“Human Nature – Humans and Nature in the History of Political Thought”, Central European University in Vienna, 25-27 September 2024
This year, in lieu of its annual conference, the ISIH will be teaming up with the ESHPT for their biennial international conference “Human Nature – Humans and Nature in the History of Political Thought”, at the Central European University in Vienna, 25-27 September 2024.
For further information about the conference call see the conference website. The CFP is below.
The ISIH is offering a number of bursaries (£350 each) to assist post-graduates and early-career speakers at the conference, in particular those who cannot readily secure funding for conference travel and other expenses.
To apply for a bursary, please add a add a statement explaining financial need when submitting your proposal to ESHPT.
Proposals for papers should include a short CV + publications (max. 1 page). Proposals should be sent to email@example.com by the deadline of 28 February 2024.
The European Society for the History of Political Thought invites proposals for its 7th international conference on “Human Nature – Humans and Nature in the History of Political Thought”, to be held at Central European University in Vienna, on 25-27 September 2024.
Man is by nature a political animal (anthropos physei zoon politikon), says Aristotle in his Politics, inspiring millennia of reflection on the interconnection of politics and human nature. Such reflections are found in Hellenistic, Roman, Jewish, Christian, and Islamic traditions of political thought which, from early on, drew not only on Aristotle, but also on Platonist cosmology and Stoic natural law theory. However, the creationist perspective of the book religions also sparked many debates about the compatibility of philosophical concepts of nature with revelation. The Christian juxtaposition of natural state and sinful state is just one example. Nonetheless, throughout the medieval period, political theorists from all “Abrahamic” religions upheld the centrality of the concept of human nature.
Such perceptions of “human dignity” were usually based on an idea of the distinctive, even privileged status of human beings in the order of creation, on account of the gifts of the soul and reason as the foundations of the human capacity for virtue and liberty. However, at critical historical junctures, especially in modern times, this very idea came to be questioned: sceptics, modern theorists of natural law, Enlightenment classics studied humans as coequal with other parts of created nature, and their nature as contingent and historicized, developing in conjunction with those other parts. Moreover, scientific discoveries, such as blood circulation, blurred the lines between the natural and the mechanical (l’homme machine). Finally, evolution theories further eroded the distinctive status of man in nature. All this had important consequences for emerging notions about the constructed nature of human sociability and the civil polity. The “naturalization of man” also entailed a new interest in and new thinking about the relation of politics, civil society and the state with physical nature.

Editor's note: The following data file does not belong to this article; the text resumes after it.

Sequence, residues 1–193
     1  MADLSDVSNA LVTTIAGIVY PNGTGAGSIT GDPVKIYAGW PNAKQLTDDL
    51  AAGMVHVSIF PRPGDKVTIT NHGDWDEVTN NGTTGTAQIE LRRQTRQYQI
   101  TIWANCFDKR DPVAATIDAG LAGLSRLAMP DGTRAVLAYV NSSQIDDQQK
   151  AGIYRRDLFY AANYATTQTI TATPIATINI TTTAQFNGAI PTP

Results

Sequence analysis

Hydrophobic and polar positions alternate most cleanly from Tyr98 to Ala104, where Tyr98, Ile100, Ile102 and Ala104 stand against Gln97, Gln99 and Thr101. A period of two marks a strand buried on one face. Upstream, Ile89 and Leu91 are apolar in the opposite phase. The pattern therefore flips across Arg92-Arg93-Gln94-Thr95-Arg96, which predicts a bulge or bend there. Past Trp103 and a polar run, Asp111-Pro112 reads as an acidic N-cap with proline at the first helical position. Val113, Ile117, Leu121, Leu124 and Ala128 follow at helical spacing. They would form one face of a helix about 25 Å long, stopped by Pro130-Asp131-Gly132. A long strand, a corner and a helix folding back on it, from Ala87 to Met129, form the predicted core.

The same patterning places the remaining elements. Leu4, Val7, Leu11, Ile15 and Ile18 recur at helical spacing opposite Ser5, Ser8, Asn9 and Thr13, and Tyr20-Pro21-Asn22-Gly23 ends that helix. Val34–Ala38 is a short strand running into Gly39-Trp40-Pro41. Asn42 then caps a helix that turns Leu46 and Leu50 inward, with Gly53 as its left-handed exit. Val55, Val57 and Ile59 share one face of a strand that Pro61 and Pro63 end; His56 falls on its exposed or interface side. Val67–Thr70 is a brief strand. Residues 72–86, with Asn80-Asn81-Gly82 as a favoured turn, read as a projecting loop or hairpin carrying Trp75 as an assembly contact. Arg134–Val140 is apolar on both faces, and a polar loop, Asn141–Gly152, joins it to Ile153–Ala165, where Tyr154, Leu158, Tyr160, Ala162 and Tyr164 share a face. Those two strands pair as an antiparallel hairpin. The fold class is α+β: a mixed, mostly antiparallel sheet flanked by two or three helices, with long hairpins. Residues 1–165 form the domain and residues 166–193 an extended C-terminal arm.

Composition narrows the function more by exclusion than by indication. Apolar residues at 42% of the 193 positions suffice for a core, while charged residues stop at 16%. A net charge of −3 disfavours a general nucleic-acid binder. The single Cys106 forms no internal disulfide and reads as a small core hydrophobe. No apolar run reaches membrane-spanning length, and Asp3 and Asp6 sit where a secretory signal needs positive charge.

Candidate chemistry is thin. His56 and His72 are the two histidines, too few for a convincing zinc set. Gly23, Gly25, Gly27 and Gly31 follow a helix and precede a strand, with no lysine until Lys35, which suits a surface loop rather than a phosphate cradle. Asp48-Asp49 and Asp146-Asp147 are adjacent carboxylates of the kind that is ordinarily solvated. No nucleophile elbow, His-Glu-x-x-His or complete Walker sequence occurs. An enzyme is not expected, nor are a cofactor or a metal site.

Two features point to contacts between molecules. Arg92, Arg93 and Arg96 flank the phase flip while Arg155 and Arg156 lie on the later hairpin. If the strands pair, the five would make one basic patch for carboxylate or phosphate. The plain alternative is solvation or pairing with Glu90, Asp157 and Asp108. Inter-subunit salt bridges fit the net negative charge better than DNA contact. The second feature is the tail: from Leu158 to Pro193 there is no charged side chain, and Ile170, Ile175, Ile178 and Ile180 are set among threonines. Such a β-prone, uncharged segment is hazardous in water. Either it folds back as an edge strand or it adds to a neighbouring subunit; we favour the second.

More recently, the category of human nature has come under pressure from many sides. Postcolonialism has denounced the universalist conceptions of human nature as imperial. Historical materialism, existentialist political theory (Hannah Arendt), discourse analysis (Michel Foucault), feminist philosophy (Simon de Beauvoir), and gender studies (Judith Butler) are among the many directions in political thought that explicitly seek to challenge and overcome the concept of human nature. Environmental thinking, notions of the Anthropocene or Capitalocene, epigenetics and co-evolution are setting the problem of human nature and the humanity-nature relationship in a new light.
Thus, the aim of this conference is threefold: 1) We invite papers that explore the concept of nature and its criticism in the political thought of all historical periods. 2) We encourage comparative reflections on conceptual equivalences in traditions of political philosophy and theory (Chinese, Indian etc.) that did not build on Hellenic or Hellenistic foundations. 3) We are interested in critical reflections on the continuing relevance of the concept of human nature in political thought.
Confirmed keynote speakers:
- Sarah Hutton (University of York)
- Silvia Sebastiani (EHESS – École des hautes études en sciences sociales, Paris)
- Milinda Banerjee (University of St Andrews)
Proposals for individual 20 minute papers (max. 250 words) and full panels (of 3 or, exceptionally, 4 papers, max. 500 words) are both welcome. Please send your proposal and a short CV with publications (max. 1 page altogether; in case of panels, for each speaker) by 28 February 2024 to firstname.lastname@example.org. Notifications about acceptance or rejection shall be sent by 15 April 2024.
Participation fee (provisional): 60 EUR and 45 EUR for PhD students to cover catering and organization costs. The fee is calculated to meet unavoidable expenses. The organizing committee is making efforts to secure external funding for the conference. In case these efforts are successful, the participation fee shall be waived, and we may also be able to provide a small contribution to covering the expenses of participation for academics without access to institutional funding.
Participants who are not members of the ESHPT will be asked to join the society (standard rate: 30 EUR p/a, graduate students: 20 EUR p/a).
By ESHPT tradition we intend to publish an edited volume selected from papers read at the conference with our partner Brill in the series https://brill.com/display/serial/HEPCT .
The Organizing Committee:
Erica Benner, ESHPT President
László Kontler, Central European University
Adrian O’Connor, University of South Florida
Matthias Riedl, Central European University